There I sat one morning, crying. Nothing had happened yet. The day was still ahead of me, same as the day before. The to do list sitting on my computer. The cat snuggled up on my lap. Me trying to wake up at 5 AM. But this morning a few tears flowed even though "nothing" had happened...yet.
While anticipatory grief refers to grieving before an event is finalized, such as getting a cancer diagnosis or other terminal illness, we can even experience bouts of grief based on what we think the answer to a test result might be. Our brains interpret what we believe as a real event. If are thinking that this might really happen, we start processing as if it already has. Much like when watching TV, your brain doesn't know it's fake or artificial. The emotions you experience are very real.
For me that morning, it was waiting on a diagnosis for my father. I’m still waiting as I write this. No matter, the stress is real in any case. Learning to cope effectively with these kind of events is the reality of our modern age. So much of what we experience is "artificial." I'm not sure that's even the right word since we are in uncharted waters. Gone are the days when two months later a letter came in the mail that your spouse died on the battlefield. Now at every newsflash your heart quakes with worry, was that near his/her posting? Gone are the days when you went on with life, frequently thinking about your children, hoping they were doing well across the country as they started a new life for themselves. Now, we obsessively check Facebook and worry when our texts are not returned in a few minutes. We don't have to wait for news to come by pony or even postal truck, now we are connected to the entire world 24/7.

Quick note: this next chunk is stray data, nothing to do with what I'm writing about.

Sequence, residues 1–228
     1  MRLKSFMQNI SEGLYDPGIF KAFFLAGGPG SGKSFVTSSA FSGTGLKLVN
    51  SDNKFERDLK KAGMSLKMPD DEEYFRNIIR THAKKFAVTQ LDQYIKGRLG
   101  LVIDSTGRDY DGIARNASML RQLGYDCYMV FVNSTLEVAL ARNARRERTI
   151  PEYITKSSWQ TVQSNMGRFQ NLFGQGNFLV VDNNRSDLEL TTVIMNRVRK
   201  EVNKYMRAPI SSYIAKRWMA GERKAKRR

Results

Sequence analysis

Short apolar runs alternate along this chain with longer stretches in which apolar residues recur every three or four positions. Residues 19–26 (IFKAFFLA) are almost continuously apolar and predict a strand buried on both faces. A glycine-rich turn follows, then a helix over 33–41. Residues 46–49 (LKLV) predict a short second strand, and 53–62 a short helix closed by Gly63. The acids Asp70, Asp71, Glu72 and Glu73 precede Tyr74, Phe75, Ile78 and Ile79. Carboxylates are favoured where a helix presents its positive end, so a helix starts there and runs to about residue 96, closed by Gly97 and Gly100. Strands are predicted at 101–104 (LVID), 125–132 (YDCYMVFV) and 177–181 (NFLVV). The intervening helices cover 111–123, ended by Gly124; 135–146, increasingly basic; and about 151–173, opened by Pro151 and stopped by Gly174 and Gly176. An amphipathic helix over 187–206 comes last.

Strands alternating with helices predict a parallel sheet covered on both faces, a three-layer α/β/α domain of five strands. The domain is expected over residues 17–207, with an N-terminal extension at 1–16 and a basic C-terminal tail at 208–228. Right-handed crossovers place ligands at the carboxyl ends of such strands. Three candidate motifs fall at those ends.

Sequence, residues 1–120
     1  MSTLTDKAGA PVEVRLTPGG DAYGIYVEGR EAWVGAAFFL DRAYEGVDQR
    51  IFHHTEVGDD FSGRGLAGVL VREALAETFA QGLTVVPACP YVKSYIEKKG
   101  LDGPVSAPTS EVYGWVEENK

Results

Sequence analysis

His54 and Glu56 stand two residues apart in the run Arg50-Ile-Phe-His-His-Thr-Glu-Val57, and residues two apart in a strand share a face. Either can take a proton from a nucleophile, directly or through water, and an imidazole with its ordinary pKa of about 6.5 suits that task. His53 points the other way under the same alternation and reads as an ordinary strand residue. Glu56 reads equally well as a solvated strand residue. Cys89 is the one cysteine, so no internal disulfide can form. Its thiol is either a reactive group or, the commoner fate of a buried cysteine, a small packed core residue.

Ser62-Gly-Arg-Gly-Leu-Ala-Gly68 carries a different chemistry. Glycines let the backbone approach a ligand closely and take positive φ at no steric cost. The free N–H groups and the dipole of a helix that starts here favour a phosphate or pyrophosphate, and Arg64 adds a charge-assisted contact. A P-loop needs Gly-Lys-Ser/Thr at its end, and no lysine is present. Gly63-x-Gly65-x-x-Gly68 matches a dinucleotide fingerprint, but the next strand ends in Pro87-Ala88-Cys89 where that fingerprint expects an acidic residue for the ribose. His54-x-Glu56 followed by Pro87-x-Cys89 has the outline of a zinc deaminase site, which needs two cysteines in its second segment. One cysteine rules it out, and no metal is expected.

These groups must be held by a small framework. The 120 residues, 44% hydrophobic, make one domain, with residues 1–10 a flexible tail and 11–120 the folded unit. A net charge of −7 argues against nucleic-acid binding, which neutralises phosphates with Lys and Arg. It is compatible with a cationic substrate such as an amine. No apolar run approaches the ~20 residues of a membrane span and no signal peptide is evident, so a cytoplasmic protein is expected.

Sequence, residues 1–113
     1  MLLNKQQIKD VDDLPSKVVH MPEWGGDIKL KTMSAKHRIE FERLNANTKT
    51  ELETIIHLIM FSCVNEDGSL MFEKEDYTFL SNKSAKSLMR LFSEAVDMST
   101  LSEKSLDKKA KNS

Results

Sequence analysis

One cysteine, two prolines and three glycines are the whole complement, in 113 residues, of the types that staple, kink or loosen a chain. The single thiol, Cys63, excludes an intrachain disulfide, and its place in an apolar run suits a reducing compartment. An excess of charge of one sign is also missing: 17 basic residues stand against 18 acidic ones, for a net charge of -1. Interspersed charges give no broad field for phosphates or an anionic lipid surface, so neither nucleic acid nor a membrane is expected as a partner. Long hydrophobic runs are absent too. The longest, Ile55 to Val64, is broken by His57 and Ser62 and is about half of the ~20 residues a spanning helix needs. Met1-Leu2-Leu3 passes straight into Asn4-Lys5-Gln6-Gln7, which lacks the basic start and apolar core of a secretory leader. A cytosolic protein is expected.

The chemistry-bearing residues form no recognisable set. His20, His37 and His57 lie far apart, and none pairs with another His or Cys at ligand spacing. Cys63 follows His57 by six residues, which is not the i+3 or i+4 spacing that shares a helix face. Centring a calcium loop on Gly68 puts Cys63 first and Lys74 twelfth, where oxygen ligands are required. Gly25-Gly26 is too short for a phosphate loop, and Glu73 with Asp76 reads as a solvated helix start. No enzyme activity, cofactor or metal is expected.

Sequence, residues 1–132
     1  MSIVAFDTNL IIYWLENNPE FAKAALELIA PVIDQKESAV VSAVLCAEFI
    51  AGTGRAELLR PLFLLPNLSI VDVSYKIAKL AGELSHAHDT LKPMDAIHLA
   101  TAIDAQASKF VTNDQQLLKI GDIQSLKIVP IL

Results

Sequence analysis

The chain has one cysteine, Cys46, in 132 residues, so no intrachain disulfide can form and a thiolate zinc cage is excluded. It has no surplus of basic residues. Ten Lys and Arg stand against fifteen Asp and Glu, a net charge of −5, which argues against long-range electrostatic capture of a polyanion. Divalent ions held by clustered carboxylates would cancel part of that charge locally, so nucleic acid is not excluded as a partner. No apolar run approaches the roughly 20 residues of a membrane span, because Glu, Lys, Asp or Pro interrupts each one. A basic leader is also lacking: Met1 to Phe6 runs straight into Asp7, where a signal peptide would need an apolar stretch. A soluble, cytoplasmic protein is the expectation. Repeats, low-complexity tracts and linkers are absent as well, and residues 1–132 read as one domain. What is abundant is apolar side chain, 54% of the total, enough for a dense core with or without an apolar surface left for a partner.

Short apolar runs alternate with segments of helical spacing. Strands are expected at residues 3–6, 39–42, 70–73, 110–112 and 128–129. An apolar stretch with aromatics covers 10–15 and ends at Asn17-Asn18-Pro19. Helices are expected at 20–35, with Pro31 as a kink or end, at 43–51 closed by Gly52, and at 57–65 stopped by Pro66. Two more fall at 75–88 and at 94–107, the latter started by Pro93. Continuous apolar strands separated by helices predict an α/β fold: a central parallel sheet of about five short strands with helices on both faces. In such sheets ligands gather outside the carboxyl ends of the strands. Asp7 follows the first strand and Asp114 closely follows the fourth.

Stressors are at an all-time high in our artificial world. It’s artificial in the sense that the event hasn’t happened yet, we are being bombarded by information that may or may not be relevant or real. Millions of us watch a fake, make up world on fictional television. Even our social interactions on social media is partly artificial because we don’t express exactly what is going on but rather share cherry picked pictures and ideas.
Our brains and bodies have to adapt to whole new world in this fast modern digital age. So how can we cope? How can we take back control from the flood of information that changes our perception of reality, even if reality hasn’t changed? Step back. Give yourself time away from all the banter, the electronics, the world. Spend a few minutes in a natural, real environment. Walk the dog in a park, do some gardening, bake some cookies, have tea with a neighbor, take up sewing, the list is just about endless. Do something outside in nature adds some other health benefits, but there’s a lot you can do even in your own home. Brainstorm what would be helpful for you. The only parameters, you need to enjoy it, it must be something in the moment and physical or tangible.
What about those moments of sadness, worry, or stress when we are just thinking of what might be? Well, those emotions are real even if the event isn’t. Embrace it for a moment, then work on your thoughts. Deal with any distortions you might be having. Make sure you’re not catastrophizing, making it bigger than it is in this moment, or overgeneralizing, i.e. this one event ruins my entire life (a future event can't take away your past). More on clearer thinking here. Right now you’re worried and you have every right to feel stressed and concerned. Whether the test results are for you or for family member. Or maybe you’re at dissipating grief for some other reason in any case embrace the moment and move through it. For more on anticipatory grief check out my previous blog article here.